“Vets often see injuries that could be non-accidental and there is a direct link between animal cruelty and abuse at home,” she says. “Vets can play a role in reporting non-accidental injuries because it can actually lead to finding violence. And most of the refuges don’t allow people to take pets with them, so women and children will choose to stay in an unsafe household rather than be separated from their pets and there’s often nowhere to put the pet. Our crisis care service is around solving that problem. 

“We will get referrals from domestic violence agencies, drugs and alcohol, mental health, even from the police. And if there’s a pet involved, we’ll get in there and coordinate. And of course, there’s lots of risks to managing this issue because it is, without question, the most difficult space to be working in.” 

One of the keys to all this work is the employment of social workers in the veterinary space. “Veterinary social work is that point of intersection between animal health and human health,” she explains. 

The Hub

Cherished Pets has what Dr Kennedy calls a community pet hub, which is where the vet social work team is based. Located next door to the regular general practice clinic, it is where the coordination of the program takes place.

Dr Alicia Kennedy veterinarian
Dr Kennedy recognised that elderly and disadvantaged clients needed support when caring for their pets.

“We provide a home pet care assistance community service, for the elderly and people with disabilities who need assistance to keep their pet healthy, such as dog walking or changing kitty litter trays. We have a community vet nurse who does the rounds and supports the health of pets at home by helping with medication, general health maintenance, face and bottom trims, clipping nails. A lot of our clients who get home service have mobility issues and can’t get their pets to care. The social workers coordinate the care, including volunteers to do the visits and the community vet nurse to do her rounds. We have volunteers who transfer pets from home to the clinic or to the groomers or wherever.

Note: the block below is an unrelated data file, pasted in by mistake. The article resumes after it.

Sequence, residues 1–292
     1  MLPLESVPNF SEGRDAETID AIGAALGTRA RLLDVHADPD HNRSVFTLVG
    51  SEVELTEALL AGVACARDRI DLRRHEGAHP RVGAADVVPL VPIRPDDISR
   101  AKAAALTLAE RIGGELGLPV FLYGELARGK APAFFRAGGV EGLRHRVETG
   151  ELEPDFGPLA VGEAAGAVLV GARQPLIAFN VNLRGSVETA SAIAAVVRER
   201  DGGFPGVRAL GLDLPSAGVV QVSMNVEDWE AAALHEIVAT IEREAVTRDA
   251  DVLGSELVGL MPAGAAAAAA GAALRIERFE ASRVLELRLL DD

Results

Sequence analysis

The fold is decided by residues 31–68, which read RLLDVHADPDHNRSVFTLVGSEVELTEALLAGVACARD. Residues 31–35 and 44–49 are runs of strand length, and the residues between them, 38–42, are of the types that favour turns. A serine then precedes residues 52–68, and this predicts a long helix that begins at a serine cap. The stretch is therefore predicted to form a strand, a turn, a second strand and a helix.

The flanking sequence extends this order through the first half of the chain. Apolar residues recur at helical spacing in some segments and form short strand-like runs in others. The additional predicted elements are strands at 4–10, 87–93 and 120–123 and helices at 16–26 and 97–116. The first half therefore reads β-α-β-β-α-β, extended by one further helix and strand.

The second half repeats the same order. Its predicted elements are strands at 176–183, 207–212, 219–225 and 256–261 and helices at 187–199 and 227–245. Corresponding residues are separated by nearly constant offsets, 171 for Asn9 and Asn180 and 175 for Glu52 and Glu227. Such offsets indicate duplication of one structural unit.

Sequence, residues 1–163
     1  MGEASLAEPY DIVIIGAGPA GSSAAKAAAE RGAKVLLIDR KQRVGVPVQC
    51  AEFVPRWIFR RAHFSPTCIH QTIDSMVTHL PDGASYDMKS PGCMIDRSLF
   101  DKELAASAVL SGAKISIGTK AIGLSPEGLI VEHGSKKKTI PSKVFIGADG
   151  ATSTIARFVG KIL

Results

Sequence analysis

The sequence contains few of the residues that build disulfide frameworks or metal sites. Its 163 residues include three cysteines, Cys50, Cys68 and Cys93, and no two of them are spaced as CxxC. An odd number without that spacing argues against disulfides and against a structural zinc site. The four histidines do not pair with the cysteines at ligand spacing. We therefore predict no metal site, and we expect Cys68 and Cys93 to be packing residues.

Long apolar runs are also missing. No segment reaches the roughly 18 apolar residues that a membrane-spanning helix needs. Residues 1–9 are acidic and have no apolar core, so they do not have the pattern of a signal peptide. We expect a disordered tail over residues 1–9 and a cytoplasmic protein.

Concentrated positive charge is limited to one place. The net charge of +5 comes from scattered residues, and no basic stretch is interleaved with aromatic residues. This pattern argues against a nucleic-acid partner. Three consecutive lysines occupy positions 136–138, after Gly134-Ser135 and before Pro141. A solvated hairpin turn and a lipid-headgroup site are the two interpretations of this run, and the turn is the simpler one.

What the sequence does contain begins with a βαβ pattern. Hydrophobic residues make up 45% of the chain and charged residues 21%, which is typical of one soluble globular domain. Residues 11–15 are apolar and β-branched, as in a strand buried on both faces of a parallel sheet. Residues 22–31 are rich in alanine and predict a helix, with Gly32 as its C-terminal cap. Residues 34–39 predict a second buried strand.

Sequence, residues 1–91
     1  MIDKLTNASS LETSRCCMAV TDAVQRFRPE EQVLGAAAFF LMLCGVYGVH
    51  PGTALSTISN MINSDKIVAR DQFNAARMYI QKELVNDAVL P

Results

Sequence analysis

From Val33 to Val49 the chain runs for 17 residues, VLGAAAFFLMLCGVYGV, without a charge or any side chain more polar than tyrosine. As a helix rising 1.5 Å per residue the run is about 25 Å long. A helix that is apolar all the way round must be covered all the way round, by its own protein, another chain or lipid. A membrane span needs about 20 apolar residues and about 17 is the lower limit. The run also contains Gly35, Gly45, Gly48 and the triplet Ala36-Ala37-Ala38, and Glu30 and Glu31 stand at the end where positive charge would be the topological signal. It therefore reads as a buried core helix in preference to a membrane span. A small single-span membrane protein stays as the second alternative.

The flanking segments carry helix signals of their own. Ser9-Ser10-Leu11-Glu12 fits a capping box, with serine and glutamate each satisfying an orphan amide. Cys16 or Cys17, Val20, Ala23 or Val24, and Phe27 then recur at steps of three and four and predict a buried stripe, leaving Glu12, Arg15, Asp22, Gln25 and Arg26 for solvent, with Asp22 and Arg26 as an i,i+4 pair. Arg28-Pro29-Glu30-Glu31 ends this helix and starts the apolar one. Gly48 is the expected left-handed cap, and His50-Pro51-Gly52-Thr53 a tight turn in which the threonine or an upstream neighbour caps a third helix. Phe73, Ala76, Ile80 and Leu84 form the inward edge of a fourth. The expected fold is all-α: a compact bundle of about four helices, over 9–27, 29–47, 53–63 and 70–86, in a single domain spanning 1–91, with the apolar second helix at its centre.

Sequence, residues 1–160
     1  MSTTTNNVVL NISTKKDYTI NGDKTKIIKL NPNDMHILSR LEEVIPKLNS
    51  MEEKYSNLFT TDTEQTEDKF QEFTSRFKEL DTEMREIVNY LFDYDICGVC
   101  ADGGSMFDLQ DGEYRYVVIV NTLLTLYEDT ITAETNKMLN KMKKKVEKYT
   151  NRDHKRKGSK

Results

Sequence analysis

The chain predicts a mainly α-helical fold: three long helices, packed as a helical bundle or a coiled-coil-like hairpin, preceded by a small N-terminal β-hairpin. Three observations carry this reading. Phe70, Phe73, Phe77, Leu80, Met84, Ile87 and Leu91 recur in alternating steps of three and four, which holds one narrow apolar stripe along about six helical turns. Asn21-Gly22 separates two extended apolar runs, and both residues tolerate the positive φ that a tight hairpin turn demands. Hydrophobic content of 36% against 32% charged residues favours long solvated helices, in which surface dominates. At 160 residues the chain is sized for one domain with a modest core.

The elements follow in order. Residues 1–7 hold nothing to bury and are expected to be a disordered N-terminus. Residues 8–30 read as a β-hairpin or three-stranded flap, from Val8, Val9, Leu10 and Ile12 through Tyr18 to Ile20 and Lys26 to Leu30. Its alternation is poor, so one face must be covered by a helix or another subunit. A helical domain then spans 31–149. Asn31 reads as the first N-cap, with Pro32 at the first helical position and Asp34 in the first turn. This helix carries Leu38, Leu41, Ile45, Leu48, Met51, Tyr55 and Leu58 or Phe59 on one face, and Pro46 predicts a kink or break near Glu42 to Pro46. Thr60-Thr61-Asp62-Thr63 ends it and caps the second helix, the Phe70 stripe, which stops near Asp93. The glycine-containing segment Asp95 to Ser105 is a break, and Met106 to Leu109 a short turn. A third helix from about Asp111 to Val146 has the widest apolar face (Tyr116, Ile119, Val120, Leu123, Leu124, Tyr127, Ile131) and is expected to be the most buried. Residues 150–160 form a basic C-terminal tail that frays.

“And then another big part of that service is respite care of the pet when the human goes into hospital. All of our community clients get emergency care plans. So if they go to hospital for the short or long term, if they go to rehab or if they die, we have a peace of mind plan in place for their pet.” 

A vet for people

Dr Kennedy says that she sees a huge future for social workers working in veterinary practices.

“The veterinary social worker role is an emerging role in the industry,” she says. “As a vet, I’m technically trained to do what needs to be done to the animal, but I’m not skilled to manage complex human elements. Tricky people, particularly people that are mentally unstable and unrealistic in their expectations, often have this high-level attachment to their pets, but may not be able to afford veterinary care.

“The veterinary social worker becomes a referral pathway and a resource for the veterinary teams to deal with human elements in that scenario. So the vets can concentrate on the animal and the social workers will manage the human.

“When you look at the contributing factors of burnout, it’s the people side of practice; it’s not actually the animals. It’s people not being able to afford to pay and people being difficult and abusive. And the social workers can navigate that territory because it’s really difficult territory and that protects the vet teams.

“They’re particularly helpful in supporting younger vets, supervising them when they’re new graduates, and through those first few years with regular sessions to support their emotional processing stuff, and debriefing.

The bond between pets and their owners is very strong, she says. “People will make decisions that prioritise their pet over themselves.

“Our mission as an organisation is to go in there with a focus on supporting pets. The question that we say every day is, ‘What do we need to do to keep this pet healthy and well, and together with his human for as long as possible?’”